Each year Students of Class 12 in Steiner Schools around the world are challenged to undertake a project of their own devising. These projects range from the purely artistic, to the highly academic. The choice of topic is as individual as the student undertaking it.
There are four assessable parts of the Independent Project.
The “Artefact” is the practical component of the project. It is the focus of what has been created, developed or written. In general terms, the artefact is a tangible thing created by students over the course of the year. As this is the vehicle for most of learning and skill development, the artefact is worth 50% of the final grade.
The “Critical Review” is a written report between 3000 and 10,000 words in length. Its purpose is to provide the reader with a broad overview of the project topic including research and background information and deals with how the student has developed their thinking about the topic and sought solutions to problems raised. The critical review is worth 20% of the final grade.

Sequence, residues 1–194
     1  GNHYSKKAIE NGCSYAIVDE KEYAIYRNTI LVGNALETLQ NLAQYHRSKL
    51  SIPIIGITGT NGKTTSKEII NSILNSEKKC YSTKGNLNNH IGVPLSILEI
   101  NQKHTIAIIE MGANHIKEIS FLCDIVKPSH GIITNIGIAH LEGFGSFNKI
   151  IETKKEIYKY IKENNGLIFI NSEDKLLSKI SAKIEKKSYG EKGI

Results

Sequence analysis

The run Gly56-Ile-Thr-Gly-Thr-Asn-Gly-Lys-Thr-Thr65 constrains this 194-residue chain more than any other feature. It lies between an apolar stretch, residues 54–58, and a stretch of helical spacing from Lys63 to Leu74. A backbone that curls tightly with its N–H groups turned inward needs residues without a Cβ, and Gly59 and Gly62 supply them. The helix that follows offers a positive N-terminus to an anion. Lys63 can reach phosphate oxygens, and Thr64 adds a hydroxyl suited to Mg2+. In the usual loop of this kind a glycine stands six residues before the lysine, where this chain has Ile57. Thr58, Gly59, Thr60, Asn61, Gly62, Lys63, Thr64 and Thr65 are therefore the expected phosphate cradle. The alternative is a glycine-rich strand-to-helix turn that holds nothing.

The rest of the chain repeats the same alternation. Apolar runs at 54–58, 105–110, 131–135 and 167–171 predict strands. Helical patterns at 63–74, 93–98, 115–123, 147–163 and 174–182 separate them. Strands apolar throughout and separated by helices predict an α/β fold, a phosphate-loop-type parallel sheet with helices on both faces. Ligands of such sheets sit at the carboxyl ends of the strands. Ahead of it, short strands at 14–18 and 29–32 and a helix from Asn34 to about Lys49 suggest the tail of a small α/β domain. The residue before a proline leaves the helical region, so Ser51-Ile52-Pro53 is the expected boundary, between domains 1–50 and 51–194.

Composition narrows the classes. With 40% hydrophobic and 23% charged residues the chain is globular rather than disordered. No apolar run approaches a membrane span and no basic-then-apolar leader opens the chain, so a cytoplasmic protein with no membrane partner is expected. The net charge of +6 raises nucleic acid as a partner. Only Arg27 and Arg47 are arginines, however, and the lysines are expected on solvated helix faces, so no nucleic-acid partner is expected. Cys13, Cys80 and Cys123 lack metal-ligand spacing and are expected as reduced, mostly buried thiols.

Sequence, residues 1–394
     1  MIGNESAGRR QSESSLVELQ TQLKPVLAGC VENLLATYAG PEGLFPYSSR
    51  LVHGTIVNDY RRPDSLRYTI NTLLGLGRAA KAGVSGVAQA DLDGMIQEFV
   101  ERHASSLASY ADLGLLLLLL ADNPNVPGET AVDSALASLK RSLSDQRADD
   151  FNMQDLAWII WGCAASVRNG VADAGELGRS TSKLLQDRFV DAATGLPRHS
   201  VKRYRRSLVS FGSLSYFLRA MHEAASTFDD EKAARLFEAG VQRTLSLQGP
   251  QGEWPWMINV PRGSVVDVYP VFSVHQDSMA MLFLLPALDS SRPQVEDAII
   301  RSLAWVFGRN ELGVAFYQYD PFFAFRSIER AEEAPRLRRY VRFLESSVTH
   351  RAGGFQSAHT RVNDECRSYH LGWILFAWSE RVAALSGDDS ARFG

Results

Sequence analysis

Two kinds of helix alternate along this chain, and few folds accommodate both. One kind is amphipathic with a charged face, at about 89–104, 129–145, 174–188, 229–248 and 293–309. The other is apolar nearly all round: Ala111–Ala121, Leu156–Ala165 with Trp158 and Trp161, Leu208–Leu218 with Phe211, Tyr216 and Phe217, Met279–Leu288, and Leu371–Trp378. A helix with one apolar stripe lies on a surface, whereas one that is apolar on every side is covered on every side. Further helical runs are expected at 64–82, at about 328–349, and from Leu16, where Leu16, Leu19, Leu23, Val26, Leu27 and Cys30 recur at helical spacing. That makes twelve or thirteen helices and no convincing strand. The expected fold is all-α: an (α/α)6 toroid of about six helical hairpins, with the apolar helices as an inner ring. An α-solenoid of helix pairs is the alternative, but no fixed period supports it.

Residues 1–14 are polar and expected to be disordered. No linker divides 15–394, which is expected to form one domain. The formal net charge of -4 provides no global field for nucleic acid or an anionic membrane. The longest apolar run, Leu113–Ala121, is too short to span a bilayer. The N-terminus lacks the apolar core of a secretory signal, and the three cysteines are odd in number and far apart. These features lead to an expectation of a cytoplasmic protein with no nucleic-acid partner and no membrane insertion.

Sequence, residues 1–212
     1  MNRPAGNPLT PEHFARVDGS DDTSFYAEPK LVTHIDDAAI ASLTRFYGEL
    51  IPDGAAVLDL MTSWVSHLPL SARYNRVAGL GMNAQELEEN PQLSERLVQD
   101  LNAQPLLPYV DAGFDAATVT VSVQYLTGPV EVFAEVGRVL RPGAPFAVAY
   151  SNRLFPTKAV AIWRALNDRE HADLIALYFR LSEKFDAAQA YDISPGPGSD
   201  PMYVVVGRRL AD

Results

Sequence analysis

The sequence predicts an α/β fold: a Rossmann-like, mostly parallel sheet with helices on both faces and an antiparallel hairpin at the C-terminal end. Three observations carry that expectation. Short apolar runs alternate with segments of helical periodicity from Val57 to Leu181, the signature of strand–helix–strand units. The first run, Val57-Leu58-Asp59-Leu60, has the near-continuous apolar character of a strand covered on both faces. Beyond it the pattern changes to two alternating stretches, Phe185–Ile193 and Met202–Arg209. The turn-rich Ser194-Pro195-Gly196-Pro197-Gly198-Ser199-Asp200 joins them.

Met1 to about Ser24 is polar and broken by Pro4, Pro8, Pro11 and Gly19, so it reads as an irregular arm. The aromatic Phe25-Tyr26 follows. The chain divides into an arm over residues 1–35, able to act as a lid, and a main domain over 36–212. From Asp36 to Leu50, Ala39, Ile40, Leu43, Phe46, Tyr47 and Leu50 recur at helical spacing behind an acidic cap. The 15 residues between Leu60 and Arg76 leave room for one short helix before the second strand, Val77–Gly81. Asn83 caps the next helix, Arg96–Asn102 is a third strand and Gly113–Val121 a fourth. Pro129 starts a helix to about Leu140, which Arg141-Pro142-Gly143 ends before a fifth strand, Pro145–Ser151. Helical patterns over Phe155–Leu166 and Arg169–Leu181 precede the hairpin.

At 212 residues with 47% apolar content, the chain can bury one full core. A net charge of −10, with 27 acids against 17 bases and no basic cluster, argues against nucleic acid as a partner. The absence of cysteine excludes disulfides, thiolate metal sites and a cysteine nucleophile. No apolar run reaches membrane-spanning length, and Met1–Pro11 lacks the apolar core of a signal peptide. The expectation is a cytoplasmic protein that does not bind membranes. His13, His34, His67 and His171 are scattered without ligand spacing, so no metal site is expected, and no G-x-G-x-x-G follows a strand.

The “Display” component is a part of the personal presentation of the project. Students are given space to create a visual display of their project representing the stages of work undertaken. The displays are open during the presentation day. The display may consist of photos of the project’s process and other records showing the progress of the years’ work. The Display is worth 10% of the final grade.
The “Presentation” is the final component. Each student will have 20 minutes on stage to talk to the general public about their experience during their year working on the project. This is a reflective presentation where the focus is on what the inspiration was to take on the project, what was learnt along the way, and how inevitable hurdles were overcome throughout the whole process. The presentation is worth 20% of the final grade.
Independent assessors assess the presentation, as well as the display. This year the projects will assessed by Dr Uwe Terton and Dr Ginna Brock, both lecturers from the University of the Sunshine Coast, and Ms Nerrida Johnson, Principal of Cape Byron Steiner School.